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Sunday, June 5, 2011

Don’t play, play with this Bunny


WHEN the Playboy Club Sands Macau staged a “Bunny Hunt” for its soon-to-be-opened establishment last year, 600 Bunny hopefuls from around the world turned up to be auditioned. Only 16 made the cut, one of whom was Malaysian model Felixia Yeap. And she did not even have to go through the audition; she was hand-picked by the Macau Club manager.
Following her stint as a Bunny, Yeap says she has received a string of indecent proposals. One man even posted a private message on her Facebook, offering her RM22,000 for sex, she says.
The former kindergarten teacher, who has become immune to such nonsense, reacted by publicly shaming these people she posted their remarks on the wall for everyone to see.
“That is not the way to talk to a girl,” states the attractive 1.73m tall lass with a toss of her gold-bleached, waist-length hair.
Dressed in a sexy navy low-cut top with the words “99% myself” emblazoned on the front, black tights and flats, Yeap, 24, made heads turn when she arrived for this interview at a Subang eatery.
“There is a misconception that Bunnies are scandalous, but a Bunny is essentially a hostess/waitress at the Playboy Club,” she asserts.
It may seem unbelievable but Yeap says she has never opened aPlayboy magazine. She also insists she will never pose nude because of her upbringing.
“It would go against my principles and I wouldn't want to disappoint my fans,” she adds.
But since working as a Bunny, her popularity has certainly risen, if the number of her Facebook fans is an indicator. At last count, Yeap has almost 29,000 fans on her fan page.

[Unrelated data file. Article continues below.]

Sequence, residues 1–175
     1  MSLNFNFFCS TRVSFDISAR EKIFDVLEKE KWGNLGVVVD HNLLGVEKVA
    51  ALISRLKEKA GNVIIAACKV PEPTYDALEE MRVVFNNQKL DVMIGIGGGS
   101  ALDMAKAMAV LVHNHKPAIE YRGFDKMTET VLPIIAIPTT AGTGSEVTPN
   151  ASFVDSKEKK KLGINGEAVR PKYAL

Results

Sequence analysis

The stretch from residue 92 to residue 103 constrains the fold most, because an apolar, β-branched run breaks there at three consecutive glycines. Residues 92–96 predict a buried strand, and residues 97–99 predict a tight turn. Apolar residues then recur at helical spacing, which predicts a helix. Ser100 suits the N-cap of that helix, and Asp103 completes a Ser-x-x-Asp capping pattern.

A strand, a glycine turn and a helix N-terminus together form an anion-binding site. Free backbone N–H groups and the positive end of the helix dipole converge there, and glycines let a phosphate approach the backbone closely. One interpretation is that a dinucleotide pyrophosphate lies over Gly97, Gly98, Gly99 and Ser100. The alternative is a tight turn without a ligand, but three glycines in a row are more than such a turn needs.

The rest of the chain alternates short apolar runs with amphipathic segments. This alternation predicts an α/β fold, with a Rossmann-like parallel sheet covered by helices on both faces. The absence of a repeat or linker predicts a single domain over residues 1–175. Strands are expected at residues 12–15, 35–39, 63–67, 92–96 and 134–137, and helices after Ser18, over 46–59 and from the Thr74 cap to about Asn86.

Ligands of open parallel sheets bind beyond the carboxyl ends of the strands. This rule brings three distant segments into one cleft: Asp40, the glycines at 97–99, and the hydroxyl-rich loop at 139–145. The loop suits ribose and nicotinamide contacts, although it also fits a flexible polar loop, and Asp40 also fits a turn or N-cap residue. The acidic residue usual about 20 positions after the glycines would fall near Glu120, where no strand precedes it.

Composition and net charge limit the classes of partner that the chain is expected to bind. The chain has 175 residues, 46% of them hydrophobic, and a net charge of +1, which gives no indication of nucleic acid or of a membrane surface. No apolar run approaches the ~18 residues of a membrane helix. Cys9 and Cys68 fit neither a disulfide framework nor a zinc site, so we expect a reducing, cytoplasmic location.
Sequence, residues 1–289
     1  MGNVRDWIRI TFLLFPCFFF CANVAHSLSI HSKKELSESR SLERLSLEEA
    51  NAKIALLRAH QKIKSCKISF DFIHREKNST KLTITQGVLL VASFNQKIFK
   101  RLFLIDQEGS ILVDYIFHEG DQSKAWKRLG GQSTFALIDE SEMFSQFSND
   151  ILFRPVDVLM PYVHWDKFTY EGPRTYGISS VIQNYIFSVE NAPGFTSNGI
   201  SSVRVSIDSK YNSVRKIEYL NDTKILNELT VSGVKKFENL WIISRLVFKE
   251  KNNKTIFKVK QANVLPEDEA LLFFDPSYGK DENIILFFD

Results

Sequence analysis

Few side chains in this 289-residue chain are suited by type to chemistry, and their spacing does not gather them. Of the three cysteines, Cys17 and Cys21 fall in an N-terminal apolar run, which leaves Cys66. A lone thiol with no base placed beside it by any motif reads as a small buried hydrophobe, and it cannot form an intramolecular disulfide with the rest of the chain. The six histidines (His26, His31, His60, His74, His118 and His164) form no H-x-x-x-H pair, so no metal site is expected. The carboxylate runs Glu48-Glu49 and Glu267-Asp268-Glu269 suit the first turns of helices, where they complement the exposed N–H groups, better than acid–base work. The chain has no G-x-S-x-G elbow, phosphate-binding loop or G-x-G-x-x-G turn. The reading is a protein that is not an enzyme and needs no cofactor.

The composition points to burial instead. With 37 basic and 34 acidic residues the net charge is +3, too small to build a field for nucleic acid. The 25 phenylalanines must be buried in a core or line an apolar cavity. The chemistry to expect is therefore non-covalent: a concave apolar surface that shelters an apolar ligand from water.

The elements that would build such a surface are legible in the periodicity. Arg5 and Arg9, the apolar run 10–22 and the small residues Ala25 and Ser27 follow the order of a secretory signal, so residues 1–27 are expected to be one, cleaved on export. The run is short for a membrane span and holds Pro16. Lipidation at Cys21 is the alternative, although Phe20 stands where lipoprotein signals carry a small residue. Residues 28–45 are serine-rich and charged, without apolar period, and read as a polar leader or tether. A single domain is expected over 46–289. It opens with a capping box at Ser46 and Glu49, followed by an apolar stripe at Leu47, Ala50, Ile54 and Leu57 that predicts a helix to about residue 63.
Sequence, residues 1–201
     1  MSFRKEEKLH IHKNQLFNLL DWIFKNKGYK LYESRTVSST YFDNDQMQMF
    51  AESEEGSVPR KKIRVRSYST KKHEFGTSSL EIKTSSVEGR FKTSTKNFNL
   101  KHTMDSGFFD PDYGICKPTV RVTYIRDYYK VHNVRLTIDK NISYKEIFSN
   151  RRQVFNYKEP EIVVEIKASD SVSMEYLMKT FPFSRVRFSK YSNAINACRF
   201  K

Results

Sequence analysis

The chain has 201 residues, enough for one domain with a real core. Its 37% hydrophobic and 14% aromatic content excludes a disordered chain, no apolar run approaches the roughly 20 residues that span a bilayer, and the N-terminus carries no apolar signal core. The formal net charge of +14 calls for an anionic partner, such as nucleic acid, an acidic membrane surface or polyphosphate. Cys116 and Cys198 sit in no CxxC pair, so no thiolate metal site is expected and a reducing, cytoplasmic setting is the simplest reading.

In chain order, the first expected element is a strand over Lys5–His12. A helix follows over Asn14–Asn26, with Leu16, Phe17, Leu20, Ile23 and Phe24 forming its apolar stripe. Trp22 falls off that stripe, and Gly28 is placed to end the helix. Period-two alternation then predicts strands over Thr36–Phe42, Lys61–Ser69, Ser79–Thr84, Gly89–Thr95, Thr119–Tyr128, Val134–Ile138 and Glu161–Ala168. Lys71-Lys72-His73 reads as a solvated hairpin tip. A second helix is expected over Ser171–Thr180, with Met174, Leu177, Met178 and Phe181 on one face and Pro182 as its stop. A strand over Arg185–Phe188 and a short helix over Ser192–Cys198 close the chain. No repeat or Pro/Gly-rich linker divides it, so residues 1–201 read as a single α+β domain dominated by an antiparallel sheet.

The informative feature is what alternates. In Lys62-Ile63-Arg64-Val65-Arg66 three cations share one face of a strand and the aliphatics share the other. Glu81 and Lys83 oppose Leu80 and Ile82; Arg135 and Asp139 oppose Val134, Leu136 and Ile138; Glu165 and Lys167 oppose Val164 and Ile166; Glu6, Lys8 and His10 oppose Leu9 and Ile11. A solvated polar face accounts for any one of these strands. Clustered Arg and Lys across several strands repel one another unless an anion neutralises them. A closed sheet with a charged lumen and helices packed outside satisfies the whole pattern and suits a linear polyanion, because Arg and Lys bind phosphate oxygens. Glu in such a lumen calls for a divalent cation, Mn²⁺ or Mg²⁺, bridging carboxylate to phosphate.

But there are no airs about this down-to-earth Ipoh-born model who has made KL her base.
“I'm not a celebrity,” she says with a laugh.
Feminists may say the Playboy Bunny gig exploits and objectifies women, but the articulate Yeap begs to differ.
“We were treated more like princesses, but people are entitled to their opinions,” she says, adding that her mother supported her venture as well.
The Bunny costume is essentially a custom-made corset complete with satin bunny ears, cotton tails, fishnets and matching high-heels, she describes. The costumes are very exclusive and have to be returned after the six-hour work shift, she adds.
“The first rule is to never let anyone touch us, not even the tail' or ears'. Customers who do so will be thrown out,” relates Yeap, who saw a fellow Bunny being “harassed” but counts herself lucky not to have gone through a similar experience.
“Working as a Bunny is a tough job that requires a lot of mental strength. Bunnies also have to follow a lot of protocol,” she says, taking the Bunny Dip as an example. The Bunny Dip refers to a manoeuvre where one leans backwards while bending at the knees with the left knee lifted and tucked behind the right leg. It's a tough but important stance, and it has to be done carefully so that nothing spills out, she explains while pointing at her chest.
There's also the Bunny Perch the way Bunnies sit on the back of a chair, sofa, or railing when they want to rest.
Yeap says that even the women patrons at the Macau Club were excited by the presence of the Bunnies and many wanted to know how they could become one.